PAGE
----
Rather, I chose to do what high-end Android can’t: PC gaming. Forza Horizon 5, 720p low settings, and I could easily manage 30FPS at about 15 watts. FixFox, Celeste, and Pac-Man World Re-Pac, all of which I was able to get running smoothly at even lower TDPs. The point of these summit devices, for me, is to have new portable experiences that I wouldn’t have otherwise. And the Loki Max does that really well. 

As I didn’t intend this to be a full in-depth review, I’ll only give a few more examples. Marble It Up! I had running at 8 watts. Owlboy, another 8 watt game. Spyro Reignited Trilogy, and Sonic Forces I both turned up to 15 watts as I had a couple of odd stutters that quite easily fixed themselves. As of now, the only time I’ve gone above that 15 watt mark has been for high-end emulation, and the occasional intense game, but I preferred keeping it lower.


When it comes to the experience of using a device, you have two parts: the actual gameplay and everything else that surrounds it. On a summit handheld, you usually expect both sides of this coin to be pretty dang good. For the most part they are! Steam Deck does hardware and software really well, as does the Odin 2. The Loki on the other hand, does not quite hit both marks.

As mentioned previously, gameplay is great. Battery life low which is to be expected for a device like this. An hour at max TDP, and anywhere from 2-4 hours (maybe more) at anything lower than that. But what really feels half-baked and disappointing for something as expensive as this is the software. Loki Control Center is – fine. It opens when it needs to, it offers good control of TDP and RGB lights, and even has nice features like changing screen resolutions and refresh rates on the fly. 

Loki Control Center

Loki Control Center

However, the use of the function buttons and Windows as a whole leave a lot to be desired. The keyboard the Loki brings up floats at a random place in the screen. Windows does it’s usual thing, asking me to sign up for Microsoft 365 and other services. If you planned to get your games and then go offline completely, you’d have a mostly fine time. But remaining online leaves you with the rest of the Loki Max’s software woes in full display. It’s not terrible, but there are plenty of improvements to be made. Personally I’d try something different like ChimeraOS on this before fully committing to Windows.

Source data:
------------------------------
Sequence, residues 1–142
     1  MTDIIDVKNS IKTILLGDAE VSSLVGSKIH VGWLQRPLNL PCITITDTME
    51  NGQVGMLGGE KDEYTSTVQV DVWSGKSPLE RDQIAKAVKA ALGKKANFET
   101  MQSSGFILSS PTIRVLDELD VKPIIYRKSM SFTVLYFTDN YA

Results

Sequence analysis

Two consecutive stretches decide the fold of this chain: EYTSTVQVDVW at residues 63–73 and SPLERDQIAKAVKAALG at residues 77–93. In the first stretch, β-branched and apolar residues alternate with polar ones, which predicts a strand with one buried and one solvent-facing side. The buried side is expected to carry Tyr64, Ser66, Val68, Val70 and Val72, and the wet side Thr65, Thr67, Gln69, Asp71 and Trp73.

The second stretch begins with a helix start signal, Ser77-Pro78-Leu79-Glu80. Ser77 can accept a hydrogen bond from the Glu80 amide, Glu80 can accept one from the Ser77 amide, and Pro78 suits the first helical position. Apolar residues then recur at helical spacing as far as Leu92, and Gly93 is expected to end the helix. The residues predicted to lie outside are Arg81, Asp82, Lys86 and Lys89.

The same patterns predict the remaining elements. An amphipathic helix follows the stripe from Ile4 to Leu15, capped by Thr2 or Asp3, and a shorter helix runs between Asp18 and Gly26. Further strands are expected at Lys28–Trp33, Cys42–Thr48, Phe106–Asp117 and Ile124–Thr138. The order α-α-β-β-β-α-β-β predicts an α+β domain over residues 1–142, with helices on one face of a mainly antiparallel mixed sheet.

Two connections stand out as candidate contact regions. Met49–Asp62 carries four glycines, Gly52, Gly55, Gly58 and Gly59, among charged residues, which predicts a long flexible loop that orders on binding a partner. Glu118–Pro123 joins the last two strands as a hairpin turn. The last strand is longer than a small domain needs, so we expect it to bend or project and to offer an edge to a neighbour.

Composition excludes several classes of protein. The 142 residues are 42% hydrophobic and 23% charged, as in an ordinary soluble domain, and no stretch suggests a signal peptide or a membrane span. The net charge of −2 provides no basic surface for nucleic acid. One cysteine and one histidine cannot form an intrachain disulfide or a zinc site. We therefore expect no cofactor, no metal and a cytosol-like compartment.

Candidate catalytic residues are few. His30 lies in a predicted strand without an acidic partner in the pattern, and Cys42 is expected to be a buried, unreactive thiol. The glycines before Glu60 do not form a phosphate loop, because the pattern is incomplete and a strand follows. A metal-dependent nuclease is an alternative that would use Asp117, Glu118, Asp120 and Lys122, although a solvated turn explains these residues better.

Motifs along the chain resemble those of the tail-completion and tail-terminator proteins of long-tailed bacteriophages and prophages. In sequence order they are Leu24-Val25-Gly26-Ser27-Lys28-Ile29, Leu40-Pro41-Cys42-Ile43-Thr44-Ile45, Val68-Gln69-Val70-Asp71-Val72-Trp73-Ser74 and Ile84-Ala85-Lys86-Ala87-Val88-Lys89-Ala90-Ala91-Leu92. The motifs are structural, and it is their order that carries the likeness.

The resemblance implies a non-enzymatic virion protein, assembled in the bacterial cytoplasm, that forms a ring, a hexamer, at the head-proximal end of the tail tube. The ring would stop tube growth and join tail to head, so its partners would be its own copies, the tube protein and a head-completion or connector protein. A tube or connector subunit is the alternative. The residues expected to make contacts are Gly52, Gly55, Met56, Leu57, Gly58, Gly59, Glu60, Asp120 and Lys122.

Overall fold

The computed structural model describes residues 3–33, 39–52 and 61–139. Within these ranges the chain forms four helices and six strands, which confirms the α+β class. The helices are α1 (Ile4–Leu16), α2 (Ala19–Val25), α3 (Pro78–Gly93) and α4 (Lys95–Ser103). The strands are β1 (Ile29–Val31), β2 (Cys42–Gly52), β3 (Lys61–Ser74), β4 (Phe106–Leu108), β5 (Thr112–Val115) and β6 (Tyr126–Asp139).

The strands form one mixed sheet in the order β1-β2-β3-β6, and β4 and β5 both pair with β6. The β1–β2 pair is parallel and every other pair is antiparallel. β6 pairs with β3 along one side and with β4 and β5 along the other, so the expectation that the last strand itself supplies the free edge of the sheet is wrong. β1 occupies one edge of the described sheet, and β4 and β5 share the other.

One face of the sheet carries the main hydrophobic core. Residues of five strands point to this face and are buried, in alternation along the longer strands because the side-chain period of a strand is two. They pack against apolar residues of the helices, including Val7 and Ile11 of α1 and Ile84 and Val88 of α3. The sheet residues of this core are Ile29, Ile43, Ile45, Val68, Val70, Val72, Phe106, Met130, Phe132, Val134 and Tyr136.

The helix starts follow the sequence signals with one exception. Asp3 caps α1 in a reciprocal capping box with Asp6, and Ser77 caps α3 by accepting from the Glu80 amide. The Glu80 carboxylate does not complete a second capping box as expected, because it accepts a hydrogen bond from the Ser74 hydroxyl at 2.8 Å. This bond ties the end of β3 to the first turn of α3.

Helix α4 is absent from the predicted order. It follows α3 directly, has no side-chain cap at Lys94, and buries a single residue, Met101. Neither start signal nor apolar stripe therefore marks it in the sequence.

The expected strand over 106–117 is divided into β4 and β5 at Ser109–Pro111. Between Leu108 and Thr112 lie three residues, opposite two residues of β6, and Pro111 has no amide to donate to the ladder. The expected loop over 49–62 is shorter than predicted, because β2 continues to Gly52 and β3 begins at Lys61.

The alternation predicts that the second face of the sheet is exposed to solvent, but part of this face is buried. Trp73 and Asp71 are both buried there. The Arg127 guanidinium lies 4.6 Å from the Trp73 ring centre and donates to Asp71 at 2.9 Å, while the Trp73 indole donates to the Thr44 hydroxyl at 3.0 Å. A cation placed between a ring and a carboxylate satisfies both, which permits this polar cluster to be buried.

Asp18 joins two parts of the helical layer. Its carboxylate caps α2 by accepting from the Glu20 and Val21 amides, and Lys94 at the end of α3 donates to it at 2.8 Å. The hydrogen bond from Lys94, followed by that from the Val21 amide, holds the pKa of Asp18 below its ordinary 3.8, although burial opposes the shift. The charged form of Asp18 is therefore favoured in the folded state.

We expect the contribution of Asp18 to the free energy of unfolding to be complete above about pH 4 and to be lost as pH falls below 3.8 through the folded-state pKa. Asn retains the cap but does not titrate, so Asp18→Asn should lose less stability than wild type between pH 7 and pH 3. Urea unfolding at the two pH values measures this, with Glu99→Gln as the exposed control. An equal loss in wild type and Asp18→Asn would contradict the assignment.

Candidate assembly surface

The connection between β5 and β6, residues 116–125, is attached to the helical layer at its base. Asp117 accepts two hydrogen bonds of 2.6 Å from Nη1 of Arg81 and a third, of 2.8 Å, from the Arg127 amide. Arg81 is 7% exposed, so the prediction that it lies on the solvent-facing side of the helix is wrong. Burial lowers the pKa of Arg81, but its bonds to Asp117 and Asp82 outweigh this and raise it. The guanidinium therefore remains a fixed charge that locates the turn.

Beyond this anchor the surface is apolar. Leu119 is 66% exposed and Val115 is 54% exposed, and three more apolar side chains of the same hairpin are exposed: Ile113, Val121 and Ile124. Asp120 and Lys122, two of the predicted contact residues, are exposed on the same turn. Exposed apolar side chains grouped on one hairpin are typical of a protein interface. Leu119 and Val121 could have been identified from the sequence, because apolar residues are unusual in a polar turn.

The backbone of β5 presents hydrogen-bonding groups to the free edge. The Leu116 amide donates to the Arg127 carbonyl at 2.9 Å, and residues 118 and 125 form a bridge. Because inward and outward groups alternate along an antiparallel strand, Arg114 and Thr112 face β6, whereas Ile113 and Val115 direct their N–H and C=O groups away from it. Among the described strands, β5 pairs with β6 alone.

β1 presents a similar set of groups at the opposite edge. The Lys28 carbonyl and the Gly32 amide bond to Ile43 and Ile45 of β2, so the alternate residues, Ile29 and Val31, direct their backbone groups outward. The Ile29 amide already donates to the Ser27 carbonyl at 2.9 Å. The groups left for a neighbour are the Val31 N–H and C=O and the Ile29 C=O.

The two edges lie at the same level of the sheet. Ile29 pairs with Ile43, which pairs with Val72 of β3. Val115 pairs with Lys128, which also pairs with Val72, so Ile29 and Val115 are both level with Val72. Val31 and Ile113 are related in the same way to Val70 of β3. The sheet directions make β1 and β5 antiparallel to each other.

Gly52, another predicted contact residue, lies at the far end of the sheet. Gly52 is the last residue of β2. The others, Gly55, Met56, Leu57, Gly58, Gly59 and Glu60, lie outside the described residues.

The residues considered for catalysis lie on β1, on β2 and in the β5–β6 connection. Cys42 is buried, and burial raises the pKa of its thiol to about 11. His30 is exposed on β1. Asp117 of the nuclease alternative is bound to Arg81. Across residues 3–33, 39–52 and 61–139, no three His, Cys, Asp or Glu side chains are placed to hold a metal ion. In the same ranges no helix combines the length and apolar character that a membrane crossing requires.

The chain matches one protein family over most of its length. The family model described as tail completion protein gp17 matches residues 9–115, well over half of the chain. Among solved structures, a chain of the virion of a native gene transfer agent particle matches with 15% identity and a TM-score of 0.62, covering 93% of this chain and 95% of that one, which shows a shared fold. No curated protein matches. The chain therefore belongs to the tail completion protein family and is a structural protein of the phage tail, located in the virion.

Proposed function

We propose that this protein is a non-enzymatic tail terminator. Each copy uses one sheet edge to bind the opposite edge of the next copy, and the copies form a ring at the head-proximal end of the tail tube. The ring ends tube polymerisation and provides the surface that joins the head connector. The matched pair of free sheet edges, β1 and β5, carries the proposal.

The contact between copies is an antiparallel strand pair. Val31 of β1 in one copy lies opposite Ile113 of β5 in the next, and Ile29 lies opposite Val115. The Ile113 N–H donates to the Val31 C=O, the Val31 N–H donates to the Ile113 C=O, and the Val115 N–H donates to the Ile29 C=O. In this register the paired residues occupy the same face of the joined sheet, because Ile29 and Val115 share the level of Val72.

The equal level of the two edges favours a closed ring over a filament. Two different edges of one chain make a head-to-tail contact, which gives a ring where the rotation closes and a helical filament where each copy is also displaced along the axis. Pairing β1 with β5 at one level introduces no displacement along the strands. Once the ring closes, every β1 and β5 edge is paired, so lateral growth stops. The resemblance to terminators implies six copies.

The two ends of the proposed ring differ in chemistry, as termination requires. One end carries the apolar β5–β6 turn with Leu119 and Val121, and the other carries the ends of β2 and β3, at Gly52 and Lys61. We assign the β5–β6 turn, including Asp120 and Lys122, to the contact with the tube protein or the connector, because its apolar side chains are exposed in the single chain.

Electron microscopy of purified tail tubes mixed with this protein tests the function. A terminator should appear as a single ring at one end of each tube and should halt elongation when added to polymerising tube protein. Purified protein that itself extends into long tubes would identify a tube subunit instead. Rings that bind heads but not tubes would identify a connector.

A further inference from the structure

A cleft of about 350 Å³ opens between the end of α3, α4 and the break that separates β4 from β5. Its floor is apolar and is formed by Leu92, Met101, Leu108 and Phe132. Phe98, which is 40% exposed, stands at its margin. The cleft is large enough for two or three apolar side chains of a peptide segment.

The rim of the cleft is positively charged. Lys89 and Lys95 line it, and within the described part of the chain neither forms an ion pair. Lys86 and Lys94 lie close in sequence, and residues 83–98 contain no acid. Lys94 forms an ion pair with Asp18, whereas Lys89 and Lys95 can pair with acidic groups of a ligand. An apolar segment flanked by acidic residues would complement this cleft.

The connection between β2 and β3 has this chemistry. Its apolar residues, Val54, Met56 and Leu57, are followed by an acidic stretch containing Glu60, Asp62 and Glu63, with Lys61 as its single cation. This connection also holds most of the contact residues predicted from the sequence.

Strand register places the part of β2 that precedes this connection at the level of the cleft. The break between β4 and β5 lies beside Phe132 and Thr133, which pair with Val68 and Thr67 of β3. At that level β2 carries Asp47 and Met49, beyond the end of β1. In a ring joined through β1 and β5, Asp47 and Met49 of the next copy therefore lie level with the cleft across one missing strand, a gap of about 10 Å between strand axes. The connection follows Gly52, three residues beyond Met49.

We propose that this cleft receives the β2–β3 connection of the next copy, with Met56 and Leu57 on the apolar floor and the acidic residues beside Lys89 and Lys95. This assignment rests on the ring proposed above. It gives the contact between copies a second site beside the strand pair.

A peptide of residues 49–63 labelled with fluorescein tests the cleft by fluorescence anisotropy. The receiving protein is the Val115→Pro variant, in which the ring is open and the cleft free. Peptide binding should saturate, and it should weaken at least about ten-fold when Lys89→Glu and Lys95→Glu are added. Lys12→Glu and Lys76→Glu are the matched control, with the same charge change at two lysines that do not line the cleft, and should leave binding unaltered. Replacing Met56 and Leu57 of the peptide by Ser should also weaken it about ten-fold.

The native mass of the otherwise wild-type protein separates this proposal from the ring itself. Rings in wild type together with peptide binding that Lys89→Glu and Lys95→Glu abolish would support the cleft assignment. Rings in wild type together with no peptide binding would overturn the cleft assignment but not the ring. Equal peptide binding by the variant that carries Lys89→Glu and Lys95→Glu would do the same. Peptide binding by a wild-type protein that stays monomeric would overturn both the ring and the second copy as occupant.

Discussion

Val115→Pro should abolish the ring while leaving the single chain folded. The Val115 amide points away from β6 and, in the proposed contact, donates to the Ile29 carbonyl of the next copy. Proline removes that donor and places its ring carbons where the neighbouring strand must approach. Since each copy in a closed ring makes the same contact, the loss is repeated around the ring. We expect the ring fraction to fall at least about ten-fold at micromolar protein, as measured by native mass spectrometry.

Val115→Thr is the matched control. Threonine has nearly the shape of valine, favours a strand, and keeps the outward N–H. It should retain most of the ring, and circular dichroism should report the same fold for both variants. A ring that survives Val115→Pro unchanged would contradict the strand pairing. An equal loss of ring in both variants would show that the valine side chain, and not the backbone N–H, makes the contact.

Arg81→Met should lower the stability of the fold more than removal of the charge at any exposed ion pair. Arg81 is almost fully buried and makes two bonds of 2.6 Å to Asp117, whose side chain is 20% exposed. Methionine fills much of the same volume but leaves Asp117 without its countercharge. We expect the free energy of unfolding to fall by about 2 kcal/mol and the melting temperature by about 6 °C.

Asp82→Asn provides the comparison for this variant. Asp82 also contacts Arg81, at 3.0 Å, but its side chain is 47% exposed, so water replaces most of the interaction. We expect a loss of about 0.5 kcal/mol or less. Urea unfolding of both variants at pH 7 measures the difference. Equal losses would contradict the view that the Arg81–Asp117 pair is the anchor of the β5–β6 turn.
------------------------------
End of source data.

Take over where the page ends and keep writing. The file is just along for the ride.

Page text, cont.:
Loki Floating Keyboard

Loki Floating Keyboard


In the end, if you’re going to spend a lot of money on a handheld, you’d expect something that just works. You plan for something that can do way more than just about anything you’ve had thus far. And for the most part, that’s what you will get with a Loki Max. It’s powerful and fast, but it still comes with a myriad of quirks and qualms. $750 (upon release) is a lot, but for a top end device that could do what you want it is not absurd. It took too long to release, and it’s price dropped to $550. It is a great device in hand, a great device in performance, and an overall joy to use. Even with the issues I noticed, I’ll continue to use it, though the OS will get swapped out.

Loki Close-up

Loki Close-up

Experiencing the peaks, the hills and the avalanches of the handheld market, I recommend treading lightly. It’s a great view from the summit, but man it was a pain to get there. I would never recommend avoiding the top end, or the best of the best. I would recommend being prepared for all that comes with it. The journey to the top isn’t an easy one; in use, or on your wallet.


If you like the cut of the Loki’s jib, head on over to this site and see about ordering one!